Friday, December 28, 2012

Remarks by the President at the Funeral Service for Senator Daniel Ken Inouye | The White House

President Obama's eulogy for Senator Ken Daniel Inouye was remarkable for its personal character.  He tells of the influence Sen. Inouye had on him as a young boy.  raveling on "the mainland" with his mother, stayiing in motels, his mother was glued to the Watergate hearings.  Sen. Inouye played a prominent role and he impressed the young Obama.  - GWC
Remarks by the President at the Funeral Service for Senator Daniel Ken Inouye | The White House:

I think it's fair to say that Danny Inouye was perhaps my earliest political inspiration.  And then, for me to have the privilege of serving with him, to be elected to the United States Senate and arrive, and one of my first visits is to go to his office, and for him to greet me as a colleague, and treat me with the same respect that he treated everybody he met, and to sit me down and give me advice about how the Senate worked and then regale me with some stories about wartime and his recovery -- stories full of humor, never bitterness, never boastfulness,  just matter-of-fact -- some of them I must admit a little off-color.  I couldn’t probably repeat them in the cathedral.  (Laughter.)  There’s a side of Danny that -- well.
Danny once told his son his service to this country had been for the children, or all the sons and daughters who deserved to grow up in a nation that never questioned their patriotism.  This is my country, he said.  Many of us have fought hard for the right to say that.  And, obviously, Rick Shinseki described what it meant for Japanese Americans, but my point is, is that when he referred to our sons and daughters he wasn’t just talking about Japanese Americans.  He was talking about all of us.  He was talking about those who serve today who might have been excluded in the past.  He’s talking about me.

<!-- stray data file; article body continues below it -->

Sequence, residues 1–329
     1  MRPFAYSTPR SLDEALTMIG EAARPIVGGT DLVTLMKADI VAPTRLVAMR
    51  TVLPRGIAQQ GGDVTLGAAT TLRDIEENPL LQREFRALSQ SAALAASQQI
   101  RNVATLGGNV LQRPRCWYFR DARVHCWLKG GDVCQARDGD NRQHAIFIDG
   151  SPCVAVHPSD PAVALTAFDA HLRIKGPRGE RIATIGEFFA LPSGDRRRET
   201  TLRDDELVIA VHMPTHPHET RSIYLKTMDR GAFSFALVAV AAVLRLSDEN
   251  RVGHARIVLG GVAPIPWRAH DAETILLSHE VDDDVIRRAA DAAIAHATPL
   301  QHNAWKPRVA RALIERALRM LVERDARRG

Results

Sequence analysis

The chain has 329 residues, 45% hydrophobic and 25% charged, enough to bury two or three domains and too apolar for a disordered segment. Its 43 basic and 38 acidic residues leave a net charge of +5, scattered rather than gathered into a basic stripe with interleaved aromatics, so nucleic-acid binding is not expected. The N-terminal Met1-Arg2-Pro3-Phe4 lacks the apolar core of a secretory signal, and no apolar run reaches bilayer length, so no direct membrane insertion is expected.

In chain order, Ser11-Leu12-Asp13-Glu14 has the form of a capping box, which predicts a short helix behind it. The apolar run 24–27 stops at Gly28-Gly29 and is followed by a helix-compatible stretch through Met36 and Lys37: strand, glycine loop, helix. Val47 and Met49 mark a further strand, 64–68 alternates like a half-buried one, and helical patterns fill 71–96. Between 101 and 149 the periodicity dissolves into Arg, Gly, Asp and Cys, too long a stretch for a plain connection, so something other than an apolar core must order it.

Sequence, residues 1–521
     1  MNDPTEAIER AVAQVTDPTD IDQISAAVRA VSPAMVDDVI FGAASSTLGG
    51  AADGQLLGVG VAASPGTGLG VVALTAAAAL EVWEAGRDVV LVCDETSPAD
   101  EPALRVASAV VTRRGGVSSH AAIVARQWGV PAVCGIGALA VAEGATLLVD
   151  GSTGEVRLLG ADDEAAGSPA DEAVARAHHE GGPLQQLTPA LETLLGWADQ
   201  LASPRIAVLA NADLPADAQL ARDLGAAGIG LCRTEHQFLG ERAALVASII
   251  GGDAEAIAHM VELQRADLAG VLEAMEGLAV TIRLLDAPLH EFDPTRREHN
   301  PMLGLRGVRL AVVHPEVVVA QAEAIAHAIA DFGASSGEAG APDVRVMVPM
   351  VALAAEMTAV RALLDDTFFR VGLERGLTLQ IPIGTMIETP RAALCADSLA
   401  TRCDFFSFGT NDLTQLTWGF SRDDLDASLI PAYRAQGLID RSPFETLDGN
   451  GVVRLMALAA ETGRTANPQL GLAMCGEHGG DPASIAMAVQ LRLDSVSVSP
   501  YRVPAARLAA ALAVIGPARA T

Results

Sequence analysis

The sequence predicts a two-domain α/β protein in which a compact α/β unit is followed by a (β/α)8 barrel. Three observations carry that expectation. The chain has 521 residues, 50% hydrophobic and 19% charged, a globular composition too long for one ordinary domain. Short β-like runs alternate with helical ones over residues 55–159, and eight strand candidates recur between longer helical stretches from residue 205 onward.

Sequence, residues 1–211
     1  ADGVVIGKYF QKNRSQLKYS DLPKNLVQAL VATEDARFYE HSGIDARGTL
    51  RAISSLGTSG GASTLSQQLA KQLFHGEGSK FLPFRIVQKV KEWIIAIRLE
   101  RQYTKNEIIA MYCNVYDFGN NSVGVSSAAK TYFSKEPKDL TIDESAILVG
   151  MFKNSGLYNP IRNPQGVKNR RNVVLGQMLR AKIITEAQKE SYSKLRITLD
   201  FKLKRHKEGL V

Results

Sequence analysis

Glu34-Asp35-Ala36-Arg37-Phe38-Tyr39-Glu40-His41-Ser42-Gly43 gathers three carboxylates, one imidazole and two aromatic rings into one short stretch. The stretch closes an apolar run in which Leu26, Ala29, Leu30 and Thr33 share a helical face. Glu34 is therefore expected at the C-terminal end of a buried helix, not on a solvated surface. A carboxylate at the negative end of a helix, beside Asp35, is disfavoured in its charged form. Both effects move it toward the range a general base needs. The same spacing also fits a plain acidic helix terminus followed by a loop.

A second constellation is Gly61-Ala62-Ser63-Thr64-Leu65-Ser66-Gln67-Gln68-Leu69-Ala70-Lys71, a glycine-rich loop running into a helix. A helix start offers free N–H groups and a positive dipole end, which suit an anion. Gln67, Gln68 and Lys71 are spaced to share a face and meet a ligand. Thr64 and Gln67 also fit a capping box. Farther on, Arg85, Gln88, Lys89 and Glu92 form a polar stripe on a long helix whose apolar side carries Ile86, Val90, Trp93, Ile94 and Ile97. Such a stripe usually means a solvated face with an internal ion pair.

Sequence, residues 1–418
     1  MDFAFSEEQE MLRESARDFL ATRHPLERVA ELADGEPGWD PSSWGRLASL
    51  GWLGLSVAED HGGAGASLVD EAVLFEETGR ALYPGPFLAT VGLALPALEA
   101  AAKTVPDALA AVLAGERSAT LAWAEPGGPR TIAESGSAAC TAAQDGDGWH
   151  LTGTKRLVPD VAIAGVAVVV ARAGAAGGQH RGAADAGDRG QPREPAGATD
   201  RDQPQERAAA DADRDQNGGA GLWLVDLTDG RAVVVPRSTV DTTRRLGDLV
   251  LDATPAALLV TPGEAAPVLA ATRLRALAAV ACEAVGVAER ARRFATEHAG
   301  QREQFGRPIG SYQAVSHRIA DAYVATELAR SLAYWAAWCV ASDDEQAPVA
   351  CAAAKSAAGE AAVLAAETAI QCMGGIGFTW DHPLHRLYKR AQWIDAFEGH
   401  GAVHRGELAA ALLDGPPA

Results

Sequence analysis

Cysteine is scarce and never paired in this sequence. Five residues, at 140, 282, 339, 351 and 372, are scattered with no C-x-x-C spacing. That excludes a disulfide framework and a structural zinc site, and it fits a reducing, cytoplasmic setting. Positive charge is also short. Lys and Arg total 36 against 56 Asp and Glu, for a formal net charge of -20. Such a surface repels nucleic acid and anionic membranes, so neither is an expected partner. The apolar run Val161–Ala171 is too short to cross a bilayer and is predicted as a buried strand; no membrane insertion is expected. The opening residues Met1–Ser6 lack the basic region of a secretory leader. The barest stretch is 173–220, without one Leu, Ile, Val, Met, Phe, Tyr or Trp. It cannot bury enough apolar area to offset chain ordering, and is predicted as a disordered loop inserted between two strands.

And that’s who Danny was.  For him, freedom and dignity were not abstractions.  They were values that he had bled for, ideas he had sacrificed for, rights he understood as only someone can who has had them threatened, had them taken away.
The valor that earned him our nation’s highest military decoration -- a story so incredible that when you actually read the accounts, you think this -- you couldn’t make this up.  It’s like out of an action movie.  That valor was so rooted in a deep and abiding love of this country.  And he believed, as we say in Hawaii that we’re a single ‘ohana -- that we're one family.  And he devoted his life to making that family strong.

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1 comment:

  1. It's hard when a close friend leaves behind. What you have now is the fond memories of him.